My garden is composed of six raised beds. I use the first two to grow ornamental and pollinator-friendly perennials, and I add bulbs in autumn and annual seeding in the summer to give these beds a border effect.

The remaining four beds are used for cut flowers. One bed for shade-loving flowers and foliage like nicotiana or foxgloves. Another for dahlias, one for annuals such as cosmos or snapdragons, and the last bed is for any others that will thrive in dappled shade.

Whether you’re growing vegetables, flowers, fruit, or a bit of everything, the beauty of raised beds is that their growing medium can be changed to adapt to the plants you’d like to grow. Add more drainage and a less nutrient-rich soil and flowers like lavender, rosemary or salvias will thrive; add a richer compost and hungry flowers such as dahlias will grow in ideal conditions.

4. Adaptable to many situations

From community gardens to established gardens, small urban gardens, rooftop terraces and balconies — raised beds are a good idea just about anywhere you can imagine. The essence of their adaptability is that they don’t need to be laid over bare soil — for example, my garden area is made of paved blocks which would otherwise make gardening impossible.

You may be a similar situation. Parts of your home — side or rear extension spaces, unused parking spaces, balconies and terraces — could be used as a vegetable garden or flower garden, or to attract birds and pollinators. These make for ideal growing spaces, and terrific small garden ideas.

For instance, on rooftop terraces and balconies, low-maintenance perennials will thrive in poor soil and can cope with windier conditions (such as Mediterranean herbs, salvias, euphorbia, grasses). Make sure to use ample drainage and a liner to protect any decking underneath.

5. The health benefits of raised bed gardening

Gardening brings you closer to Nature and helps make you more attuned to changes in seasons and the environment. It’s also an effective way to reduce stress at the end of a long day, and it provides a decent amount of physical activity.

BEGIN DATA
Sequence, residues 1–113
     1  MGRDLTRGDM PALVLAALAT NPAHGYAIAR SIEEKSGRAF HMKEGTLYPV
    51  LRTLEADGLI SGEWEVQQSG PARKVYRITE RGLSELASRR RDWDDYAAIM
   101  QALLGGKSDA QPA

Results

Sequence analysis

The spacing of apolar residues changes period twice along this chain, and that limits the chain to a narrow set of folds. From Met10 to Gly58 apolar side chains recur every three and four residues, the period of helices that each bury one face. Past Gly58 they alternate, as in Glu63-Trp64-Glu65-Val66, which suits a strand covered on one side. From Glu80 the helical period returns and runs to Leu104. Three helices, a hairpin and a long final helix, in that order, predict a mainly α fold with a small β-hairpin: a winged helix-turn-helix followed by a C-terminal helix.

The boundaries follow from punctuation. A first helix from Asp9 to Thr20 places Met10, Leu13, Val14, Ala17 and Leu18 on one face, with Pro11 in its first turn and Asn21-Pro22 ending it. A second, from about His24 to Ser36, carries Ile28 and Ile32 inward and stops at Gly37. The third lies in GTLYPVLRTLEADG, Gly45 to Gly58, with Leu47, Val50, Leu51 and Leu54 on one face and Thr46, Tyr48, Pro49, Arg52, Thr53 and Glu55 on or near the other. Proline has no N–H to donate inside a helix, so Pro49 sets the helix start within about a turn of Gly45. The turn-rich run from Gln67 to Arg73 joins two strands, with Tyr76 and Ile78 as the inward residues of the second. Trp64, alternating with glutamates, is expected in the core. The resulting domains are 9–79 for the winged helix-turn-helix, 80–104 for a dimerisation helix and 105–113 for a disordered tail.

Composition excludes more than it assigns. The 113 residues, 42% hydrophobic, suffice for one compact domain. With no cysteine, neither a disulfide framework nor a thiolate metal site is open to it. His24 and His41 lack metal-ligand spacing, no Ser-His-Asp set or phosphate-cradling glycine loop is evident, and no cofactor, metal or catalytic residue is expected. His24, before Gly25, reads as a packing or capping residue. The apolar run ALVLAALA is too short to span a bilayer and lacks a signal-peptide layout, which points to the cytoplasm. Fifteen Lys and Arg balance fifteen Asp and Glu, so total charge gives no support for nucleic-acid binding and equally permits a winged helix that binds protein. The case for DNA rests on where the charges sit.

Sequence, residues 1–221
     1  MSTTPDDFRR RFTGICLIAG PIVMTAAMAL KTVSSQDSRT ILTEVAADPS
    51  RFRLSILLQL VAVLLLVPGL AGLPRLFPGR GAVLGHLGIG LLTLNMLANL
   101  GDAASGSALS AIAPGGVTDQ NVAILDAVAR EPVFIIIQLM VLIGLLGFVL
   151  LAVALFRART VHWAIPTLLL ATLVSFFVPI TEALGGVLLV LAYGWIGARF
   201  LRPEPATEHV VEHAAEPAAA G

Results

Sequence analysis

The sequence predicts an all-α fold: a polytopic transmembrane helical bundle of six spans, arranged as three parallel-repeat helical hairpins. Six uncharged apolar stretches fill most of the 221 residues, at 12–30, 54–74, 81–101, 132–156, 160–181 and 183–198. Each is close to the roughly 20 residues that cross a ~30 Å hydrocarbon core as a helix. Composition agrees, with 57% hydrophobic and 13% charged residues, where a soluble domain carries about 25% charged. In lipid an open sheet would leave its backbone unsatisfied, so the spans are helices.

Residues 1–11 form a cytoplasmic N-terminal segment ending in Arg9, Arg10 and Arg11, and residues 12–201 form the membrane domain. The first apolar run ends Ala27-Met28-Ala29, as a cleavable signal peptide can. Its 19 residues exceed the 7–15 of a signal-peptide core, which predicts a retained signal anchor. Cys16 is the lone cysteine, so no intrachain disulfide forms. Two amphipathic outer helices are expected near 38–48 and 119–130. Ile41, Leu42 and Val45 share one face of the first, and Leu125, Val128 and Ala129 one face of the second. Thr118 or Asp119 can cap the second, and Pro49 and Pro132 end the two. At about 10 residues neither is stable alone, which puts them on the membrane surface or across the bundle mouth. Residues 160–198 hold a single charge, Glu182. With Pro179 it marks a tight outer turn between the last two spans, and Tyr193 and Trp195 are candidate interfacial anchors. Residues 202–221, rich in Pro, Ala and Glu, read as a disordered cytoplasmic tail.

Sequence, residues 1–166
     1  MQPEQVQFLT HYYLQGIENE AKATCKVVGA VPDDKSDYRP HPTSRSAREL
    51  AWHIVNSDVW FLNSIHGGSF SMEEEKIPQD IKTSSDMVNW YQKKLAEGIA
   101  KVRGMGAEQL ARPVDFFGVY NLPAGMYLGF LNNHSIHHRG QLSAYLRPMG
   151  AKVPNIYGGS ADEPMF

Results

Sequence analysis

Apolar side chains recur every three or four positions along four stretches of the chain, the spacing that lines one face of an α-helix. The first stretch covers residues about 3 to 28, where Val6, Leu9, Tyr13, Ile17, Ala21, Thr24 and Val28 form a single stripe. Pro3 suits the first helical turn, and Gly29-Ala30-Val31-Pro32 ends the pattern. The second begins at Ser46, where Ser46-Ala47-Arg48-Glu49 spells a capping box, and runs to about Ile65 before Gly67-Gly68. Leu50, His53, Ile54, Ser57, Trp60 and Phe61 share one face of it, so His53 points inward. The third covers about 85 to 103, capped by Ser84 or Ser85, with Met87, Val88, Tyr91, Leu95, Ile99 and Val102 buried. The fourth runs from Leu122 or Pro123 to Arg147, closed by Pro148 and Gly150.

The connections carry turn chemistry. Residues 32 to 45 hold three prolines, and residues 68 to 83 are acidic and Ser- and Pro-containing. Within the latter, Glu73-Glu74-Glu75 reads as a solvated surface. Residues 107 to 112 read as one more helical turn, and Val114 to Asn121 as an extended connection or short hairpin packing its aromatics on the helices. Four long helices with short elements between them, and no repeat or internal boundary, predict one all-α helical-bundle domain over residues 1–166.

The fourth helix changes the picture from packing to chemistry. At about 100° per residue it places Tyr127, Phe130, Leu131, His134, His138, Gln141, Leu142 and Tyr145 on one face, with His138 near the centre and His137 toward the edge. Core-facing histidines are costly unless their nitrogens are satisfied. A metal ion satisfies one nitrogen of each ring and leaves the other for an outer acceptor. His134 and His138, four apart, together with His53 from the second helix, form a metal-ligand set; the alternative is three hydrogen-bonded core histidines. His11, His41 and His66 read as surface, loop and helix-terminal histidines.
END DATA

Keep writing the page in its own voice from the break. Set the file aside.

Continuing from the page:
Gardening in raised beds limits back pain as you don’t need to reach as far back when planting or digging in the soil as you would with “traditional” gardening. Raised bed gardening also makes the practice of gardening accessible to wheelchair users as well as gardeners suffering from back issues. Vertical gardens in raised beds do this well also.

In a raised bed, the need to weed constantly is quite limited compared to gardening in bare soil, as a bed crammed full of plants leaves no space for unwelcome seedlings.

Regardless of whether your bed is set on concrete, brick or bare soil, adding a membrane beneath the bed and layers of cardboard will prevent weeds from growing through. You can also cover your beds over winter to prevent any wind-blown seeds from rooting. Finally, since the soil of raised beds is made of a mixture of compost and top soil, it is more workable than bare soil which makes your life much easier as a gardener.

Thank you for reading. I hope that if you’re contemplating gardening in raised beds this article will convince you to join me in becoming a convert to raised bed gardening. Let’s look for all those unused spaces in our gardens and turn them into green havens!